A few of the write-ups noted differences in the conference this year. I would like to add a bit. Deep gratitude to our organizing committee and program committee for the work they did, and for the feedback on this post.
One area we thought would increase the quality of the conference and our dialog there was to push for greater diversity in the conference. Technology events and especially open source technology events tend to be dominated by caucasian males. For instance, it is not unusual for a FOSS4G related event’s audience to be around 10% women.
A lot could be said about why this matters. Open communities are fuelled by ideas, energy, and contributions. Losing people’s participation needlessly really hurts. More importantly, women participating in an open community can be seen as an important health check. Strong participation could indicate that the community is reasonably welcoming to all. And no, the current lack of women participating is not because they aren’t interested in technology & engineering!
Explanations for why this happens are long and complex. To share a few quick thoughts, open source and open data communities experience strong forces to self-select. As more people with similar ideas get together, barriers can form against newcomers, particularly people with notable differences from the incumbent group. While the barrier often is not intentional, or even overt, it is definitely there. It’s also worse than just a barrier to getting started. It’s a constant drag to all participation. Sadly this frustrates and pushes good people away from the community.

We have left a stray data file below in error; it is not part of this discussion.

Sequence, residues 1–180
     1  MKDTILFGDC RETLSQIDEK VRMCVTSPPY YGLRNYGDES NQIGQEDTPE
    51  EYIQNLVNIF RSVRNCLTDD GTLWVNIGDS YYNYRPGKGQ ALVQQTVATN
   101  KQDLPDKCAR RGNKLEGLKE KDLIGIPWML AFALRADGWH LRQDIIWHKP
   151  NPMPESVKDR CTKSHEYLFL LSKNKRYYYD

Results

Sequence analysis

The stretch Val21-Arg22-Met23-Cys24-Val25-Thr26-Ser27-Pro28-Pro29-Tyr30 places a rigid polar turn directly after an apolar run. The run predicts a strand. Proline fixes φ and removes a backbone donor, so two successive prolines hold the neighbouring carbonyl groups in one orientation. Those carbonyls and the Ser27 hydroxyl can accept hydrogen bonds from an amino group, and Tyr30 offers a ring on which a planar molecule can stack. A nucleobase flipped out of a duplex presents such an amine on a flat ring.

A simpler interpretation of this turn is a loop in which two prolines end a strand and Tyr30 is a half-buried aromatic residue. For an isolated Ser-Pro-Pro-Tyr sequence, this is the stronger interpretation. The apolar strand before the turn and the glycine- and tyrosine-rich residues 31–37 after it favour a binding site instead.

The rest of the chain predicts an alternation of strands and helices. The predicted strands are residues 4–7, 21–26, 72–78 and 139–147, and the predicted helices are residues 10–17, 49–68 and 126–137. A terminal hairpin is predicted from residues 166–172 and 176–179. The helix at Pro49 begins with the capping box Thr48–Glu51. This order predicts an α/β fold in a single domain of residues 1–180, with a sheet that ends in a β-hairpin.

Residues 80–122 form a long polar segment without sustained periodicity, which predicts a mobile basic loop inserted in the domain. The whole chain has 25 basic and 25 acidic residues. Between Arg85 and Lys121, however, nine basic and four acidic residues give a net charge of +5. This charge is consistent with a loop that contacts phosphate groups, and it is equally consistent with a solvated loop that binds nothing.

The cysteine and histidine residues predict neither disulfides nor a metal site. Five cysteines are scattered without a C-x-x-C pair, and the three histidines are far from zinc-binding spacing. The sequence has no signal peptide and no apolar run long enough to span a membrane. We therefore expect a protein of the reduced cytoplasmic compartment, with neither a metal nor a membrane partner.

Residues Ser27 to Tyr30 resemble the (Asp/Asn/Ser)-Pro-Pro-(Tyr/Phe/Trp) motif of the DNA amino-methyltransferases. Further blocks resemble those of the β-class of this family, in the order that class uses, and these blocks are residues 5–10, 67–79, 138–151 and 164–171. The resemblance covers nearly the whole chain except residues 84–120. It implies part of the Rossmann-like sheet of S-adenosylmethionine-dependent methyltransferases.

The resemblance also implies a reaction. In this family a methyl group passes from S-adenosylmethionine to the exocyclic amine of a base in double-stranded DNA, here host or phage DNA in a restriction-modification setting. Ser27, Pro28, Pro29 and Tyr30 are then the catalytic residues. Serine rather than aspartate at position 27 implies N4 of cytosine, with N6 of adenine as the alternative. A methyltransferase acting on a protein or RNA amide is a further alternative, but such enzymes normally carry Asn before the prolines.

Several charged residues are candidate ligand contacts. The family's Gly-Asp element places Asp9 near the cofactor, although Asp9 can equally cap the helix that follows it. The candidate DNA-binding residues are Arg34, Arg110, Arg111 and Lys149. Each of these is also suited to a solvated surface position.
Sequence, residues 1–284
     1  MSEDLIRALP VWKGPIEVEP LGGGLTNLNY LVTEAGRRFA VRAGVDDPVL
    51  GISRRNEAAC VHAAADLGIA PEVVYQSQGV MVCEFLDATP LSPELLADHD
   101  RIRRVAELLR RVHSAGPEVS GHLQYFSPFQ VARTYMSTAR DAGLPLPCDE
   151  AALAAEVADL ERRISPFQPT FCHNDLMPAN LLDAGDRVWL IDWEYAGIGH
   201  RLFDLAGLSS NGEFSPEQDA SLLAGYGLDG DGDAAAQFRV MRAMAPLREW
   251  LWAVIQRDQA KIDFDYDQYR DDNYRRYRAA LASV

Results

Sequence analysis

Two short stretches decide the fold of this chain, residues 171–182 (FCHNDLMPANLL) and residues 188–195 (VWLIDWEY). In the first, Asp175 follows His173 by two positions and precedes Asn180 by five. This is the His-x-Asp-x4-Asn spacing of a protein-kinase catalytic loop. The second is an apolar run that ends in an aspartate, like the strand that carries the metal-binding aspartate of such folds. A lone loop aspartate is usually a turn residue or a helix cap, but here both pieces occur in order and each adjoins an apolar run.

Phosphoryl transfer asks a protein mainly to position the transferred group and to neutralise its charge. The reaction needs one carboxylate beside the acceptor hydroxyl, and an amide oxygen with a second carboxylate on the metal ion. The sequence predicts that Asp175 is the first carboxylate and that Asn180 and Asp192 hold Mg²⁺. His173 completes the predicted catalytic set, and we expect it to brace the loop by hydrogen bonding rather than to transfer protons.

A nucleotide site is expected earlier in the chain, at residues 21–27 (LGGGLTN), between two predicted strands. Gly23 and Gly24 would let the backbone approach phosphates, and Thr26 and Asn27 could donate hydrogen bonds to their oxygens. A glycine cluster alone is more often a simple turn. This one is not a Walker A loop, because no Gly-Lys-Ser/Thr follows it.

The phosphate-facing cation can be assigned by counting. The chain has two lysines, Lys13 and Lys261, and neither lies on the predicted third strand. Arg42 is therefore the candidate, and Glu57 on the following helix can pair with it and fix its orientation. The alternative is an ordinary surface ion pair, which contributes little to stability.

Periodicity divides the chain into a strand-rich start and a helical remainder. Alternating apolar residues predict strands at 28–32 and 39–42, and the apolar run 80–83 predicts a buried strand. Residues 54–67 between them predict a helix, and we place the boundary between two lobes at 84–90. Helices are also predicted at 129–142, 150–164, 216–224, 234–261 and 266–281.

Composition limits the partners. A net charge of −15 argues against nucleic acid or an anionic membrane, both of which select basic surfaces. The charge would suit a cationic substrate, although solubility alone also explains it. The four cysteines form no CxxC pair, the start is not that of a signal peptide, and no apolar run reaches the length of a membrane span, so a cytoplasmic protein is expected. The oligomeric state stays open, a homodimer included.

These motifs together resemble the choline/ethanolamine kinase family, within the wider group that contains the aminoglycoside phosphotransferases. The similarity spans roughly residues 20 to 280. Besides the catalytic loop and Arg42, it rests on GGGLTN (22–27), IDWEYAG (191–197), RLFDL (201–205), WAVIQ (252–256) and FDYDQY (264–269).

How do you help? Well, first off, it is very hard to change a culture at all. It’s darned near impossible starting from a position of convincing people they’re wrong, bad, ignorant, etc. There are so many outstanding people in open groups doing what they feel is the right thing, and they are deeply passionate in that conviction. Convincing passionate people that they may be discouraging others often falls flat. Nevertheless, open communities can become toxic without even realizing it.
In the context of conferences, many other events have hosted panel discussions to talk about diversity. While I’m glad there’s something happening, I find these discussions by themselves to be a missed opportunity. Rather than inviting people to just talk about their sex, gender, race, etc. we felt something more could be accomplished.